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Rating Agency: The CDS Market Is A Tough Grader

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The credit default swaps market has been more bearish about life insurers than Moody’s Investors Service has been, but Moody’s says it believes its credit ratings reflect life insurers’ true level of resilience.

The CDS market gives participants a vehicle for profiting from speculation about how likely companies and government agencies are to pay their debts.

The credit ratings that Moody’s, New York, assigned to life insurers and the ratings implied by CDS market performance were roughly comparable up until September 2006, according to Moody’s data.

The CDS market was a little more bullish on insurers from September 2006 through June 2007, and a little more bearish from June 2007 until December 2007.

Starting in December 2007, the CDS market opinion of life insurers deteriorated sharply. Earlier this year, the CDS market was implying that the typical Moody’s-rated life insurer was about 3 rating notches riskier than Moody’s said it was. Now, the gap has narrowed to about 2 notches.

The CDS market is also somewhat more bearish than Moody’s about the property-casualty market, but there the gap is only about 1-notch wide.

The market appears to be more pessimistic about life insurer fundamental, Scott Robinson, a Moody’s analyst, writes in a comment on the data.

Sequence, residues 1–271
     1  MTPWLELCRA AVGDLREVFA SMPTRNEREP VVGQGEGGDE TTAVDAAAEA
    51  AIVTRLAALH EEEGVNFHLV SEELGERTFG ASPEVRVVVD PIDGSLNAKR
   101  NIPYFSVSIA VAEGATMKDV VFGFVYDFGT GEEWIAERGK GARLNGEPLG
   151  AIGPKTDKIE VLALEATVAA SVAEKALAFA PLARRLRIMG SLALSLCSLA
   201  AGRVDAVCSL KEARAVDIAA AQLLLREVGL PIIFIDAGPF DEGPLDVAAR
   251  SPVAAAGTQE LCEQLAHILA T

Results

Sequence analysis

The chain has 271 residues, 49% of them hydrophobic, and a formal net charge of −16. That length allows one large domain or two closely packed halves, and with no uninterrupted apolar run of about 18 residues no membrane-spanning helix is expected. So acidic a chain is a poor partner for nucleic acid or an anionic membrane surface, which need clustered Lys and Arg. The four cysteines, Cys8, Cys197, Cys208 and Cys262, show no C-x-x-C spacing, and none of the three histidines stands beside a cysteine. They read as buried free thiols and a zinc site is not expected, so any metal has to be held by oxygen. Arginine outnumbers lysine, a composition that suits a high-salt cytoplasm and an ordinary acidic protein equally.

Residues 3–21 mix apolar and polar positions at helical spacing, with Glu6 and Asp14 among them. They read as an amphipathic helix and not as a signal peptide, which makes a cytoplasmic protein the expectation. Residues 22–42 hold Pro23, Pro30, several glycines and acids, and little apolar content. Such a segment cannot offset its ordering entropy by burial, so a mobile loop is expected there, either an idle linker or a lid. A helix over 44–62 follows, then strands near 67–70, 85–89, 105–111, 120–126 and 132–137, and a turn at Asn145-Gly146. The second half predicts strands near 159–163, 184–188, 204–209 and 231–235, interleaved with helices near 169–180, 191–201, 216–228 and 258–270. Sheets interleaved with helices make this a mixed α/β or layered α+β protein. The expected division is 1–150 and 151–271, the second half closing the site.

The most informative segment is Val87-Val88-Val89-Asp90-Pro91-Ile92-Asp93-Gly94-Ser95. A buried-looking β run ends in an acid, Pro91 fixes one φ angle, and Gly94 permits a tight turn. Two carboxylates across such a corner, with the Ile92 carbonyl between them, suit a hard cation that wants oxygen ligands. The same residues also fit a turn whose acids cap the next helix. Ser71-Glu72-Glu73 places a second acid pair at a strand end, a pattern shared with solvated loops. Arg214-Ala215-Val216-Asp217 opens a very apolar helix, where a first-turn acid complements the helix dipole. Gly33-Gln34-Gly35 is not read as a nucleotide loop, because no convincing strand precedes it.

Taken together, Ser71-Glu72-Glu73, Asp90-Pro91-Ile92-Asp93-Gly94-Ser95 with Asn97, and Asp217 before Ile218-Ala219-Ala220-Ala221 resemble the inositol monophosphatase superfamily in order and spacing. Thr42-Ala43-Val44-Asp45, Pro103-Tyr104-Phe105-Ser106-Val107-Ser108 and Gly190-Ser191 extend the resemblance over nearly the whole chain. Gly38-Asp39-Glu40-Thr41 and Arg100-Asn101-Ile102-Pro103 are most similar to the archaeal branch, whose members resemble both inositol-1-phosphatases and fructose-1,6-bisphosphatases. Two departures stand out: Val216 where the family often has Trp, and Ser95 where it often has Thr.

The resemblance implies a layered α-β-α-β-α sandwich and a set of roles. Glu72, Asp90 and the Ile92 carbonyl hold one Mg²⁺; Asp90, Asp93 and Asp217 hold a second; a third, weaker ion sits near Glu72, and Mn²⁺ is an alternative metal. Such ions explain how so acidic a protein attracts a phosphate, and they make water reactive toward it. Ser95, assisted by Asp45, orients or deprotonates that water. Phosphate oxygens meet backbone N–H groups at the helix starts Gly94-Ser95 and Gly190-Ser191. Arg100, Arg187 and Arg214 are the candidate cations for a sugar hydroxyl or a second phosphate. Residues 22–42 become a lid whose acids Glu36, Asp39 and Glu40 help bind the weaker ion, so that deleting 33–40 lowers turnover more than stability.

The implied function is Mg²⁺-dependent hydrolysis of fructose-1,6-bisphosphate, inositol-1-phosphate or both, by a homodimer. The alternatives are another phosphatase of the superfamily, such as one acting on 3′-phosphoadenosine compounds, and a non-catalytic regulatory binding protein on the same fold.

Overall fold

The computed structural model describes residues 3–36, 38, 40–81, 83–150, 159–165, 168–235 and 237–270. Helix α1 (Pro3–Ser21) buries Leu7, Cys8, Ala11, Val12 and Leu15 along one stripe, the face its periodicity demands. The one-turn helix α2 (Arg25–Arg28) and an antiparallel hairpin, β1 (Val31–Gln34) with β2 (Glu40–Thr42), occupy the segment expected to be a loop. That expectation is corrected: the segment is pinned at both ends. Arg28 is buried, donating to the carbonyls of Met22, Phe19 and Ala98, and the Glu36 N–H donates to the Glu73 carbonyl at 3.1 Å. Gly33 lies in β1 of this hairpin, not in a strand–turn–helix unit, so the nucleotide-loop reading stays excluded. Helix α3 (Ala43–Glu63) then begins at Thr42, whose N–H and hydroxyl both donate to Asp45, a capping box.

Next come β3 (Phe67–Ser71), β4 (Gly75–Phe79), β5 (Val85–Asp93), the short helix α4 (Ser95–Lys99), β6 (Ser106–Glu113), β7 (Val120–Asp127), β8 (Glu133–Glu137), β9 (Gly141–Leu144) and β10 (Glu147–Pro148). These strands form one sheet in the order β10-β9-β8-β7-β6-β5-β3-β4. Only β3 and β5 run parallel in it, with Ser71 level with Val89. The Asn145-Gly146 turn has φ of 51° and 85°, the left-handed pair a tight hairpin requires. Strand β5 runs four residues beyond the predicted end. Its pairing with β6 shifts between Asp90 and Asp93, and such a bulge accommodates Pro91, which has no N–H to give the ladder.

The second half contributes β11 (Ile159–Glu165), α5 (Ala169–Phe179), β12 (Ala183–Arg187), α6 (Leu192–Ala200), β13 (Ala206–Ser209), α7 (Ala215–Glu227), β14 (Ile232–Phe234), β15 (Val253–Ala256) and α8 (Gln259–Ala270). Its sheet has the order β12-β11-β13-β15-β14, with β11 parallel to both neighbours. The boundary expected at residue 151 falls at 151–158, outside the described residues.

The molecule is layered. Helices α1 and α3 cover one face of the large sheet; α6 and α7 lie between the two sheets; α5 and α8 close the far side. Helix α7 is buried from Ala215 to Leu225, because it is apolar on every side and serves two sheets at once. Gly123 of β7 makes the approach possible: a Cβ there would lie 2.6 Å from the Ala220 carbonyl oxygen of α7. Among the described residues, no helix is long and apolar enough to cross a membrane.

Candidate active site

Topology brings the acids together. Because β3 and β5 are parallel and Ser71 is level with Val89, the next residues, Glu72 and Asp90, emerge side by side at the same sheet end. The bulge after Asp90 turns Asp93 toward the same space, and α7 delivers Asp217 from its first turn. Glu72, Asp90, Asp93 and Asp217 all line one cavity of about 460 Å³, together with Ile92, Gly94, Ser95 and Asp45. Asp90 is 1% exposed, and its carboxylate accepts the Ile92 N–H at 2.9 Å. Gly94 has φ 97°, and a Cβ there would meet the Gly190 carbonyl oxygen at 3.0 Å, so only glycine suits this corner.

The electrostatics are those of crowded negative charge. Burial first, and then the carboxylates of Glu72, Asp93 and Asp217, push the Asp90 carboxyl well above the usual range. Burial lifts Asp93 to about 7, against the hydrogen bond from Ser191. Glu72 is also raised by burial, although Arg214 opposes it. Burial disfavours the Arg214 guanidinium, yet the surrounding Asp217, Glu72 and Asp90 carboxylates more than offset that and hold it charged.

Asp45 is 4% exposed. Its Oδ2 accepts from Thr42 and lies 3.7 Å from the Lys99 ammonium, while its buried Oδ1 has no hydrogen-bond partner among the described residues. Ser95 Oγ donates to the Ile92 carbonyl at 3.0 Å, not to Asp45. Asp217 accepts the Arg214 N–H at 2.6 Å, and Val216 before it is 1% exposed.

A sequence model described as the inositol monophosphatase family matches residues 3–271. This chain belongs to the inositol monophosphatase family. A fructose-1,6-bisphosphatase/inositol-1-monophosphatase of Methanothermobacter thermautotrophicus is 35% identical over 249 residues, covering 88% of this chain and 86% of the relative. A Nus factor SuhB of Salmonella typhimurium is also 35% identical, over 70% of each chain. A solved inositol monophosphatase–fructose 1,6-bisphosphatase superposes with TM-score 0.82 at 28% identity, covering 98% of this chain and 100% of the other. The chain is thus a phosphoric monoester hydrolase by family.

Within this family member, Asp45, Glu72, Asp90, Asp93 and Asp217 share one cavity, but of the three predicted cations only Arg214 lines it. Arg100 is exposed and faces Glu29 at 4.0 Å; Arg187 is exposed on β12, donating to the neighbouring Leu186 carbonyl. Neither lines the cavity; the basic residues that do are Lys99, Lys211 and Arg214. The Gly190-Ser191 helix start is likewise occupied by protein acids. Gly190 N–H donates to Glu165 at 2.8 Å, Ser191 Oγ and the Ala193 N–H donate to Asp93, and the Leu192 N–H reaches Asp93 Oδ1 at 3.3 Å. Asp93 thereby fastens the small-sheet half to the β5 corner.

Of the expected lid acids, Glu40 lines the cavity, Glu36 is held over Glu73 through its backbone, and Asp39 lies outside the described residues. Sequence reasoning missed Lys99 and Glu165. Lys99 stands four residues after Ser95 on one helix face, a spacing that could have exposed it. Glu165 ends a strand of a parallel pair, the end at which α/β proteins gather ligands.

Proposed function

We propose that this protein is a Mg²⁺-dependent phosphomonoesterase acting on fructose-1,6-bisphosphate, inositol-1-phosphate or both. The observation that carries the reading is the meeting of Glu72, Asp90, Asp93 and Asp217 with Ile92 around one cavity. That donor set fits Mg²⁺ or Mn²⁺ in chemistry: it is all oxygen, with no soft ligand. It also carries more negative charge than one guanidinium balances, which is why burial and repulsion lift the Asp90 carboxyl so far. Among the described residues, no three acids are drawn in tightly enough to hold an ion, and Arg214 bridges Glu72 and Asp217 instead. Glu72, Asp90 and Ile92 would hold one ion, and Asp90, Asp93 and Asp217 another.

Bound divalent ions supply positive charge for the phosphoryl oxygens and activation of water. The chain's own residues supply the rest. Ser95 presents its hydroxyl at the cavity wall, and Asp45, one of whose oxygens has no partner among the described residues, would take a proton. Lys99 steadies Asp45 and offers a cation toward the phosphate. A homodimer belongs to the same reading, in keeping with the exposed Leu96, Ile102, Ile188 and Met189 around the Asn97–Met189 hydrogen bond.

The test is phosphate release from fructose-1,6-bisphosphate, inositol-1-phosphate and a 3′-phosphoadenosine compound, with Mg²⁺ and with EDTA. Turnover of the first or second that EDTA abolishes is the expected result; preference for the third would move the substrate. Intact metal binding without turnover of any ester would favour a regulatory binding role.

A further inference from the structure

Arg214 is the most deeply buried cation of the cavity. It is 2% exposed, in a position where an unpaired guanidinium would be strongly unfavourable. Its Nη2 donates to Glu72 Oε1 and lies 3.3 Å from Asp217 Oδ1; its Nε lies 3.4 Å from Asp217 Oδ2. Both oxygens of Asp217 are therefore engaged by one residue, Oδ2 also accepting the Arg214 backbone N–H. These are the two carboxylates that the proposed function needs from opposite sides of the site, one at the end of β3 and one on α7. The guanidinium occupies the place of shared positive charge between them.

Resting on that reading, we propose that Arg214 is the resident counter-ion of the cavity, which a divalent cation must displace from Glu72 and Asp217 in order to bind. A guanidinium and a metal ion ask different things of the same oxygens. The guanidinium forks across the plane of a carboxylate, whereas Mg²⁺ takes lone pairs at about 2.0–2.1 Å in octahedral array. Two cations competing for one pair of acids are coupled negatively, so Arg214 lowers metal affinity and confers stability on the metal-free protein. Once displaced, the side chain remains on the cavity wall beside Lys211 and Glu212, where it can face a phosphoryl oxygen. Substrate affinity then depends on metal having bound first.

Life insurers recently have asked the National Association of Insurance Commissioners, Kansas City, Mo., to replace use of residential mortgage-backed securities credit ratings, arguing that the RMBS ratings are too low.

But the CDS market seems to think future losses on RMBS and other asset classes will be worse than Moody’s expects, Robinson writes.

CDS players are especially nervous about commercial real estate, “a sector where losses tend to occur in the later stages of a recession,” Robinson writes.

The market appears to be incorporating the potential for a “severe CRE scenario” that is more severe than Moody’s own, grim “stress case scenario,” Robinson writes.

Life insurers also are paying a price for how opaque and hard-to-understand their balance sheets are, Robinson writes.


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